Rosolie approached the green anaconda on all fours (Discovery Channel)
    "I'm getting coils over me," he told his team at the time. "She's got my arms pinned. She knows there's nothing I can do."
    Rosolie was then heard saying 'Oh god,' but reassured his colleagues that he was okay, even though his heart rate had shot up 'pretty high' and his breathing had become 'really laboured', according to one of the team.
    He said he was 'trying to stay calm' as the green anaconda began to tighten her grip around his body as he wriggled on the rainforest floor, later admitting that he is 'the type who’ll say, 'I’m fine, I’m fine'...until I’m dead'.
    The daredevil didn't respond when another colleague checked in with him, before the snake then latched onto his head.
    Rosolie then screamed to his pals: "Stand by guys, I'm starting to feel like she's consuming me. Guys, my face is down.
    "I'm calling it, I need help!"
    The team immediately rushed over and wrestled the snake off of him, despite only part of his head being consumed.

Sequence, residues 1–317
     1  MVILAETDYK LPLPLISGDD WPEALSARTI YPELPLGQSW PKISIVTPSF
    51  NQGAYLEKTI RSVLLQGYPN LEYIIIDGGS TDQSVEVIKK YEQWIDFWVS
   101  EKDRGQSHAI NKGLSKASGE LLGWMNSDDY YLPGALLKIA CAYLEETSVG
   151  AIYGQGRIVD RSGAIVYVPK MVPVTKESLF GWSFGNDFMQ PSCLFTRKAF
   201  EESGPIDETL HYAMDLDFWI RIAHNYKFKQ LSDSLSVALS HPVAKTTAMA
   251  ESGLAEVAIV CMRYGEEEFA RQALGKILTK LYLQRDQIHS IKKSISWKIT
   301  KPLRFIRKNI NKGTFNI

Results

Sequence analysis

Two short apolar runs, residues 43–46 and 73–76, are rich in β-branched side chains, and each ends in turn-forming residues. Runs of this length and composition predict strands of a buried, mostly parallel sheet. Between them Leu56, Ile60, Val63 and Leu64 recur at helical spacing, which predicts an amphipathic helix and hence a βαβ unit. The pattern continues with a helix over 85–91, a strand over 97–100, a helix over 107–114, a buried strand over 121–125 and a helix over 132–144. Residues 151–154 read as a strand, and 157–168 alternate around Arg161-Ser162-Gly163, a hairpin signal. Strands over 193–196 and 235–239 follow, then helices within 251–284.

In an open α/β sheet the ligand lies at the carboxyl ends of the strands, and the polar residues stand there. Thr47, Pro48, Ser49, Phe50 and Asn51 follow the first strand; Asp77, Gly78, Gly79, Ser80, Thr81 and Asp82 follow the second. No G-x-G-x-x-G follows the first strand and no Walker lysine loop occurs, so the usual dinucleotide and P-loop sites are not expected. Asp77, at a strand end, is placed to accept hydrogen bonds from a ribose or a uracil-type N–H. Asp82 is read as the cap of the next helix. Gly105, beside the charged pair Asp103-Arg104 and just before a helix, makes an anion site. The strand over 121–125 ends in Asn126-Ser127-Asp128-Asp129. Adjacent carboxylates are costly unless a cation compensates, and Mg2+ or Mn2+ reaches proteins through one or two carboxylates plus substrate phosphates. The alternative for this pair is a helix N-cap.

The 20ft long snake latched onto the daredevil's head while wrapping itself around him (Discovery Channel)
    Speaking of his attempt at getting eaten alive afterwards, Rosolie said: "The last thing I remember was her mouth open wide and everything went black. I went limp and let it constrict. All the while I was just thinking: 'Eat, eat, eat!'
    "She wrapped around me and I felt my suit cracking and my arms ripping out of their sockets," he recalled.
    As you can tell, the animal lover realised very quickly that he could be inches away from death.
    He explained that he feared the snake was going to 'snap' his arm, as 'her force was fully on his exposed arm', which is why he decided to 'tap out' of the experiment.
    But Rosolie insisted he 'wasn't terrified' during an interview with MSNBC, as he was confident that his carbon-fibre suit was 'strong' and that he 'wouldn't get crushed', adding that there were 'experts on hand' in case of any issues.